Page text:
Art is a huge and complex concept that encompasses and confronts many different genres, forms, media, opinions and artists. Apart from their imagination and creativity writers, visual artists and performers share one essential thing – the fact that their art always emerges in response or reaction to specific social, political and economic contexts. As eye-openers, activists, genius transgressors or independent outsiders, artists use their art to convey messages, raise awareness and challenge norms and conventions. Art gives them unlimited freedom to reinvent themselves and the world as they or we know and experience it. That's why it is a particularly well-suited medium to question and debate existing rules, beliefs and values. Art can create controversies, initiate changes and generate new trends. By shocking audiences, some works of art can start debates and discussions, and trigger revolutions. Debating through art may eventually lead to (re-)defining what art is or should be.
The art of controversy
Controversy in artistic fields often sprouts from rebellious artists rejecting or changing the rules to find new ways of defining or doing art. Many novels, paintings, photographs and films have become well-known for causing a stir among audiences and critics who disagree on how to interpret and understand them.
Breaking the rules
In art, particularly in painting, there are a lot of academic disputes when artists break the rules that normally applied.
In 1768, Sir Joshua Reynolds, a portrait painter, became the very first president of the newly-founded Royal Academy of Art. He proceeded to grant national art and artists legitimacy and recognition. In his Discourse on Art, published in 1778, he laid down the founding principles to which visual artists should conform to earn academic consideration and support. Among Reynolds's chief principles was his claim that genius was not innate, but could be acquired and cultivated by emulating the Old Masters, whom no living painter could surpass.
According to Reynolds, artistic talent could only flourish thanks to long strenuous work, a view inherited from the French classics, who conceived of art as resulting from the application of strict rules in poetry, drama, painting and music. However, Reynolds's rules would soon be perceived as too limiting and restricting by a growing number of artists. Romantic painters, with tormented minds and ecstatic visions, made it an artistic point to free themselves of Reynolds's academic shackles. Among them was William Blake, painter, engraver and poet, who dismissed Reynolds's conception of genius as utterly ridiculous, stating that "The Man who says that Genius is not Born, but Taught – Is a Knave." A true Romantic in his own peculiar way, Blake believed that genius – in Greek "born with" – was innate and that no training could generate talent. Either one possessed it or one didn't. Needless to say, this view of genius was controversial and a good reason for serious disagreements and arguments among artists. Indeed, it established a hierarchy by distinguishing between gifted artists and writers and the rest of humankind. It raised the genius artist to the position of superior being, above the common man. True art is not accessible for every artist, but reserved for a blessed elite of chosen people. William Blake, along with other Romantics, also believed that true art couldn't result from copying former artists, but was to be totally new and innovative.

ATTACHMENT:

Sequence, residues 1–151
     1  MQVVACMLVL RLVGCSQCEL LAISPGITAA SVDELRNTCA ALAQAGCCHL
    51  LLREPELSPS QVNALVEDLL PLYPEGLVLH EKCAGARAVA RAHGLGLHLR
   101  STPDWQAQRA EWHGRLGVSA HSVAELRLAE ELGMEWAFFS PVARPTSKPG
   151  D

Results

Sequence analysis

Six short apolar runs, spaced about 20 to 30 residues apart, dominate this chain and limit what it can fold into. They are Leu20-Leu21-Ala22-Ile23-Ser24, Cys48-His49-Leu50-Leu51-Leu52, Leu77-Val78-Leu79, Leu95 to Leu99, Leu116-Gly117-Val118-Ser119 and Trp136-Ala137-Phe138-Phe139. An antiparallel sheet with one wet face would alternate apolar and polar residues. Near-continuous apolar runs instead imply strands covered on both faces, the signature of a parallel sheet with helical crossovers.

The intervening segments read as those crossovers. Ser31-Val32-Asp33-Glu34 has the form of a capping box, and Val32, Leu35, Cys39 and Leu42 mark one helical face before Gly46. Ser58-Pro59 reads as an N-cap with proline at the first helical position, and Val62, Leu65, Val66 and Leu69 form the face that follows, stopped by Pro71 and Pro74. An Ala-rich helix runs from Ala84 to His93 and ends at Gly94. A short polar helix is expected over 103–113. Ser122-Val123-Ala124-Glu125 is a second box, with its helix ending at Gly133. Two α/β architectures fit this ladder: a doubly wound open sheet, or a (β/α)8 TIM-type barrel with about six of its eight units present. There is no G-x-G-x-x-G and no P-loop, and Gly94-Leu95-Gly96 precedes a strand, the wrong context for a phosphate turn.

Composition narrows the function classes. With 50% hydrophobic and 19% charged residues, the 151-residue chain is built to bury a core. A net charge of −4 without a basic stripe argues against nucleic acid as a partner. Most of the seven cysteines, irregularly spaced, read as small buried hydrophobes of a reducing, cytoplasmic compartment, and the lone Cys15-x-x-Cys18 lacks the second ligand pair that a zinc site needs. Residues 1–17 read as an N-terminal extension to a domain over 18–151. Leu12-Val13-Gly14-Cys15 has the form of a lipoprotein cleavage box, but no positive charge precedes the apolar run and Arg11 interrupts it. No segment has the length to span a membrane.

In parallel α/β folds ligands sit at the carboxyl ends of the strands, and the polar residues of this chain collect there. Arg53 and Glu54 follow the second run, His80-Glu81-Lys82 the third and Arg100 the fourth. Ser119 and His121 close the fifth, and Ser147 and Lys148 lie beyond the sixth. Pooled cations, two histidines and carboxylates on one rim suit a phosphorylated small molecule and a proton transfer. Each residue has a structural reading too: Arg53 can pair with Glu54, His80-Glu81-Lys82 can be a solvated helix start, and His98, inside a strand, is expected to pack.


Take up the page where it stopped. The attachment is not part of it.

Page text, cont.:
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Lady Talbot seems to be posing on a stage with symbolic attributes that liken her to the Roman goddess Diana. Even if Lady Talbot is the portrait of an actual person, the painting includes all the staple elements of history paintings – references to Ancient mythology and architecture, nature as a backdrop and theatricality. Looking at Reynolds's painting, the viewer is aware that it is an artefact and that the painter did not seek to imitate nature, but only the Old Masters. If one compares Reynolds's work of art with Blake's, one notices the latter's rejection of perspective and realistic proportions. The ruggedness of Blake's painting contrasts with the smooth textures of Lady Talbot's clothes that contribute to the lightness of Reynolds's balanced composition, conveying timeless harmony and stability. Blake's Newton is depicted as a Greek mathematician drawing something on a blank sheet with a pair of compasses, completely oblivious of the natural world around him. Through his portrayal of a scientist trying to understand and represent nature with mathematical tools, William Blake despises classical art and science, because they appeal to reason and restrict the imagination, which he regarded as the best-suited medium to decipher nature and unravel its secrets and mysteries.
Not only did Reynolds advise painters on how to become talented, but he also recommended them which subjects to choose and how to represent them. In the 18th century, history painting was regarded as the highest pictorial genre, as opposed to landscape painting, which was deemed a very minor one. Another academic dispute started in the early 19th century when some painters claimed that landscape painting was on a par with history painting. In the latter, nature traditionally served as a backdrop to heroic achievements and epic fights. This began to change in the second half of the 18th century under the aegis of painters like Claude Lorrain in France, Ruisdael in the Netherlands and Gainsborough in England, who took great care when representing nature, sometimes even turning the subjects they depicted on the canvas into mere pretexts to paint landscapes.